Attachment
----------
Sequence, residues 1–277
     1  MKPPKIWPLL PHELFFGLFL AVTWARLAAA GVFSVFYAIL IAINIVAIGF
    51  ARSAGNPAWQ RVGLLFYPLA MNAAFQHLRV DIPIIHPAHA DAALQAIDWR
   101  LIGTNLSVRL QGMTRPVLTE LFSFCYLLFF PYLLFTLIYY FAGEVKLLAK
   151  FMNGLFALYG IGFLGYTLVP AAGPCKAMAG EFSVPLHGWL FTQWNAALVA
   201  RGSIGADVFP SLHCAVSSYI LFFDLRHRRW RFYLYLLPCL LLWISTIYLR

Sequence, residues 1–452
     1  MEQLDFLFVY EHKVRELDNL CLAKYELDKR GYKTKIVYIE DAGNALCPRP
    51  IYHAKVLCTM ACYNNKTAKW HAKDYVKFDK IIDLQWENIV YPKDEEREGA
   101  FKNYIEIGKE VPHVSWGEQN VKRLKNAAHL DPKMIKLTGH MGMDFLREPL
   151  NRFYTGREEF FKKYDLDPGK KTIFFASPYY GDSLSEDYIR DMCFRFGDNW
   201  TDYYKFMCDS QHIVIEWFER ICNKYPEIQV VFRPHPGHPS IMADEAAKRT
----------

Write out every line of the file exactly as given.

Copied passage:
Sequence, residues 1–277
     1  MKPPKIWPLL PHELFFGLFL AVTWARLAAA GVFSVFYAIL IAINIVAIGF
    51  ARSAGNPAWQ RVGLLFYPLA MNAAFQHLRV DIPIIHPAHA DAALQAIDWR
   101  LIGTNLSVRL QGMTRPVLTE LFSFCYLLFF PYLLFTLIYY FAGEVKLLAK
   151  FMNGLFALYG IGFLGYTLVP AAGPCKAMAG EFSVPLHGWL FTQWNAALVA
   201  RGSIGADVFP SLHCAVSSYI LFFDLRHRRW RFYLYLLPCL LLWISTIYLR

Sequence, residues 1–452
     1  MEQLDFLFVY EHKVRELDNL CLAKYELDKR GYKTKIVYIE DAGNALCPRP
    51  IYHAKVLCTM ACYNNKTAKW HAKDYVKFDK IIDLQWENIV YPKDEEREGA
   101  FKNYIEIGKE VPHVSWGEQN VKRLKNAAHL DPKMIKLTGH MGMDFLREPL
   151  NRFYTGREEF FKKYDLDPGK KTIFFASPYY GDSLSEDYIR DMCFRFGDNW
   201  TDYYKFMCDS QHIVIEWFER ICNKYPEIQV VFRPHPGHPS IMADEAAKRT